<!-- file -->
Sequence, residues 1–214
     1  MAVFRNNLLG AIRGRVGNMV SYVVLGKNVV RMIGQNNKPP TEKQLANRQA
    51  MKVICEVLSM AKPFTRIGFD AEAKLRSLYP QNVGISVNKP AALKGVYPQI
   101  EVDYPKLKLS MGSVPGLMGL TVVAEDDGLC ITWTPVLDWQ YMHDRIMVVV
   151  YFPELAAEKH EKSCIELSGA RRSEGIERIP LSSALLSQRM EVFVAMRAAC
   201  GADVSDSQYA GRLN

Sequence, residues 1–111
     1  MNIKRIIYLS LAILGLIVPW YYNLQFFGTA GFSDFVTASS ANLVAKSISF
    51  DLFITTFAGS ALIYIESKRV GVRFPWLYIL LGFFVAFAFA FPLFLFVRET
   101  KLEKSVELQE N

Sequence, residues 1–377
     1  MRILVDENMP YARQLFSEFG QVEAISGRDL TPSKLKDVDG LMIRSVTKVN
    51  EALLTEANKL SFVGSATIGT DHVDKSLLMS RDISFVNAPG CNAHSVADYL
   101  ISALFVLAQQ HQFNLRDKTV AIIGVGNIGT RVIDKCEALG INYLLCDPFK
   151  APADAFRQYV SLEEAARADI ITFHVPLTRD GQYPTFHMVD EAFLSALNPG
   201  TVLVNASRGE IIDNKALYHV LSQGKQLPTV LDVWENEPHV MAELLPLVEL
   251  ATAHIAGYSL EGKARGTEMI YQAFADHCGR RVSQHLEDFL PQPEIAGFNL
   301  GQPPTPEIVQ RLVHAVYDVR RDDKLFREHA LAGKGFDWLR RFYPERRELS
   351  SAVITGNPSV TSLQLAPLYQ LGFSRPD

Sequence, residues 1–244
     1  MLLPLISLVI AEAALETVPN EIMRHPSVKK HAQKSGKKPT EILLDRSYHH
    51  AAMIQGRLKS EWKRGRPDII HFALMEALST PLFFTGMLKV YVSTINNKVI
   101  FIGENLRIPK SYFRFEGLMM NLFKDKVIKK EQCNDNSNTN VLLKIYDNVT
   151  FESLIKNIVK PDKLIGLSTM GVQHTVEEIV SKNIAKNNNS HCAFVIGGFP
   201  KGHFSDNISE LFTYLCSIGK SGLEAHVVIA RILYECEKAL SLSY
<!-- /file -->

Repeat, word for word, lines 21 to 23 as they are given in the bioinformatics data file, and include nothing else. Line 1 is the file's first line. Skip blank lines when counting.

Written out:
     1  MLLPLISLVI AEAALETVPN EIMRHPSVKK HAQKSGKKPT EILLDRSYHH
    51  AAMIQGRLKS EWKRGRPDII HFALMEALST PLFFTGMLKV YVSTINNKVI
   101  FIGENLRIPK SYFRFEGLMM NLFKDKVIKK EQCNDNSNTN VLLKIYDNVT